OPEN LETTER BY GABRIELA GOMEZ                             


After doing the crossing the interview with my friend from El Salvador I learned a lot o new thing from his past and his homeland. I learned about the reason for his migration and about his war torn country. For example the military rule supporting dominance of economic elite, in the late 1980's political system still adapting discourse. Civil conflict between government forces and Marxist guerrillas greatly exacerbated political polarization rooted in historical dichotomy between wealthy elite and impoverished and excluded majority. In the late 1980's, the two major political parties were the moderate, center-left Christian democratic party and the right-wing nationalist republic alliance.

International relations were limited to Central Americans region until 1980's, when civil conflict made EL Salvador focus of international attention. Relations with the United States became increasingly important during 1980s because of critical contribution of United States economic and military aid to survival of the elected government, bolstering of war economy and improved performance of armed forces. Government of Jose Napoleon Duarte Fuentes participated actively in  Contadora process, a joint Latin America mediating effort seeking to ease Central American Peace Agreement, product of unmediated talks among the Central American states in August 1987.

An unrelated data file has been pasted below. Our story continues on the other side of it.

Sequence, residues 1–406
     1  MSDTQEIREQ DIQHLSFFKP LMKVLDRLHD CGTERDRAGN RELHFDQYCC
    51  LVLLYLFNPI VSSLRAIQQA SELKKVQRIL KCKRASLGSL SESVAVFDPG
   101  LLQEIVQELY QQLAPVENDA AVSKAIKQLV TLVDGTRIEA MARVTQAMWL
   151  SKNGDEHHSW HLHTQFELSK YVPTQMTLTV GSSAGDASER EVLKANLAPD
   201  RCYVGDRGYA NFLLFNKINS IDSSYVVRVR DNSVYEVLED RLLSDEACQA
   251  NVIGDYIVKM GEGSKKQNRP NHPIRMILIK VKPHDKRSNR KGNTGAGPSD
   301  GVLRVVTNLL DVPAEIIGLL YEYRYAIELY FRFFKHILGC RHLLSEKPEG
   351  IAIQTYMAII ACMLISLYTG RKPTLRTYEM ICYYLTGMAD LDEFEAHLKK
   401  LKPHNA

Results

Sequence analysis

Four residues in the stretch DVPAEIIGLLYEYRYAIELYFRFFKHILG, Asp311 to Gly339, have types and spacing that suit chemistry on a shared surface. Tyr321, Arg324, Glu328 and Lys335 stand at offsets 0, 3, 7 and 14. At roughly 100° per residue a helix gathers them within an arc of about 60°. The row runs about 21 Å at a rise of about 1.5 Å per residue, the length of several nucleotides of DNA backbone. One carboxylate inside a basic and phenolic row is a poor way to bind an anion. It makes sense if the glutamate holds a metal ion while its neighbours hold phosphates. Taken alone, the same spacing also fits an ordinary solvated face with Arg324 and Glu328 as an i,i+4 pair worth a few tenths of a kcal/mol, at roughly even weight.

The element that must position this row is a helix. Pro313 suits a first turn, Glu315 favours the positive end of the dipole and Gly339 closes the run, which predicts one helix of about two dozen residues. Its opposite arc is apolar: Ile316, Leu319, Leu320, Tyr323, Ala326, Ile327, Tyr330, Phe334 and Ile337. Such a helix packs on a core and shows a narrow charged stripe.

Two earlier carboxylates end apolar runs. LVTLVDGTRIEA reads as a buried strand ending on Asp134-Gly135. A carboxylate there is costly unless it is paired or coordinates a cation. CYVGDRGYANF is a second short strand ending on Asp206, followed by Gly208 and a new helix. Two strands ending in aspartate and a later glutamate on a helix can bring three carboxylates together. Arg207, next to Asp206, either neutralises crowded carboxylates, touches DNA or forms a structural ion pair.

History:The Pipil tribe who occupied the region that is now El Salvador put up strong resistance to the 1524 Spanish expedition led by Pedro de Alvarado. By the following year, however, the Spanish had prevailed and established a settlement named San Salvador, near the Pipil capital of Cuscatlan. The territory of El Salvador became part of the captaincy-general of Guatemala. When the independence of Guatemala was accepted by the Spanish in 1821, El Salvador accepted its new status but strongly objected to the Guatemalans’ plan to incorporate it into the Mexican empire. In 1824, after a brief war and having established its own constitution, El Salvador became one of the United Provinces of Central America (later the Federal Republic of Central America). Nonetheless, it was several decades before El Salvador was able to rid itself of the overwhelming influence of Guatemala. This came about largely through the influence of the country’s coffee barons whose substantial economic clout was converted into effective political control and who dominated the country until the 1920s.



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